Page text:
“If Chávez were to lose power, Cuba would be more adversely affected than any other country. The impact on the Cuban economy would be enormous,” says Michael Shifter, president of the Inter-American Dialogue. “Cuba’s current leadership, no doubt aware of such an unhappy prospect, is trying to undertake economic reforms in part to offset such a blow.” This includes attempts at diversifying investors and creating a new class of entrepreneurs not dependent on the government’s payroll.
There are clear historical parallels for Cuba should Chávez fall. The so-called Special Period, following the collapse of the Soviet Union, saw Cuba left in chronic economic crisis as Havana was no longer able to offset the US embargo. The economy contracted 35 percent between 1989 and 1993, and oil imports decreased nearly 90 percent in that same period. The Cuban people were plunged into food shortages, some losing up to a quarter of their body weight.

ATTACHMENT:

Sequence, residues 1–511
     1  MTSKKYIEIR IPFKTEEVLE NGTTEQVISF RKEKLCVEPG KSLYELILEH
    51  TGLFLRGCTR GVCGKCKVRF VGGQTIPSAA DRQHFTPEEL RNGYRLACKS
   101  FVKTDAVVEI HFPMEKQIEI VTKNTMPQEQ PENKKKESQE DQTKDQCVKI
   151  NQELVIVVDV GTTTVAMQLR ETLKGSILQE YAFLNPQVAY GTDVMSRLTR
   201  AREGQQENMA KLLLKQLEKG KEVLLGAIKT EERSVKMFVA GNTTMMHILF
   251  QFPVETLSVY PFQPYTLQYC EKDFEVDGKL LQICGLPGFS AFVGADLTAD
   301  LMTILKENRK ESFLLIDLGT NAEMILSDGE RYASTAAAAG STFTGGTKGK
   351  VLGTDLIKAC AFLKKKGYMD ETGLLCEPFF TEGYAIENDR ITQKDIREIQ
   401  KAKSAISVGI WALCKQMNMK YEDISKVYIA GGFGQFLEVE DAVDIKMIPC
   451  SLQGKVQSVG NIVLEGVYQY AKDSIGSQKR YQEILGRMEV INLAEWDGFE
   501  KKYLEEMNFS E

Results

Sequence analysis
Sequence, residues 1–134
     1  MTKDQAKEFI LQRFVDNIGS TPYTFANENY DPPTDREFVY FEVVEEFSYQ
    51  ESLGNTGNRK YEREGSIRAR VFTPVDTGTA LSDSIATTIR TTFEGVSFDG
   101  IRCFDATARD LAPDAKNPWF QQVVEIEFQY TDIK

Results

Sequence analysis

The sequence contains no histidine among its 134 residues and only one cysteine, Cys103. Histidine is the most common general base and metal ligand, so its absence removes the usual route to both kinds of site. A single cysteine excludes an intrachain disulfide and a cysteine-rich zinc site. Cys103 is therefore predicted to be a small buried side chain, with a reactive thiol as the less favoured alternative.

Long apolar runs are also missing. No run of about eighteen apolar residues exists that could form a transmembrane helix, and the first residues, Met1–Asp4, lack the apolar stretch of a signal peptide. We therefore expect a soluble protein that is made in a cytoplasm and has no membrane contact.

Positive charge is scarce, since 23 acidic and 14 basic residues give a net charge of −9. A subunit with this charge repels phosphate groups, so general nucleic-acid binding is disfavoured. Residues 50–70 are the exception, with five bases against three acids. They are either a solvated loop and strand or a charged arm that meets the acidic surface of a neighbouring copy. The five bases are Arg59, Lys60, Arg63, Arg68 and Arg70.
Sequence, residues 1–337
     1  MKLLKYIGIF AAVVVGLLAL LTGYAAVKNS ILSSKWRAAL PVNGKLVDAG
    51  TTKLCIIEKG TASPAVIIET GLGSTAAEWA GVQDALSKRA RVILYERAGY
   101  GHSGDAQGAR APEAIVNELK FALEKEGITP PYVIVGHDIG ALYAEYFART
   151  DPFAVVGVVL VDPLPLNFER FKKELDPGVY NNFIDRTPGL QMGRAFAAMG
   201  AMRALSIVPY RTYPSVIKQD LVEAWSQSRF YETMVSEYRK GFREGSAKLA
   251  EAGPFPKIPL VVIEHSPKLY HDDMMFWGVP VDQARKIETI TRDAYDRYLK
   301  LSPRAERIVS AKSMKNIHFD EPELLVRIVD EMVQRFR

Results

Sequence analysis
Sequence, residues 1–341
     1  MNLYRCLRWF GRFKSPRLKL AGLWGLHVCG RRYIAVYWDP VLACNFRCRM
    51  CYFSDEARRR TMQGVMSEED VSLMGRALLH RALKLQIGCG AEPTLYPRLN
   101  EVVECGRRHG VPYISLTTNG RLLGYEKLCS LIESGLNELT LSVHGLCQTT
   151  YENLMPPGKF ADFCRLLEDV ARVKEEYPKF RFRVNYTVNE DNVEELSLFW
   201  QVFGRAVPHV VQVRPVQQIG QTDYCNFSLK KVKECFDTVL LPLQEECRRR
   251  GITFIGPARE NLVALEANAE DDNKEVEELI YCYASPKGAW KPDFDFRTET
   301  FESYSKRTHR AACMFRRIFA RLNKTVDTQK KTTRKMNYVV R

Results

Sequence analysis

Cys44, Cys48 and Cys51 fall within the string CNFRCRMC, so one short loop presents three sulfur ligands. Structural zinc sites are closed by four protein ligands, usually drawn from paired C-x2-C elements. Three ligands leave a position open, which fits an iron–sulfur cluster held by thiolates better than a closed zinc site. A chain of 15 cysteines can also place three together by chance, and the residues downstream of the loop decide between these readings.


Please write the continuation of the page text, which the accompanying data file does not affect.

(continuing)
"It was horrible," says one elderly man, walking along Havana’s seawall. He declined to provide any personal information because he feared retaliation from the state. "We had nothing, no food and no money but we survived.”
He blames the US embargo for Cuba’s isolation. Initiated in 1960, the embargo was designed to persuade Cuban authorities to move towards “democratization and greater respect for human rights,” however, the policy encourages this by limiting trade between Cuba and US companies. As a result, Cuba’s crumbling buildings and postcard-friendly old American cars have left the country looking like it is stuck in a time warp.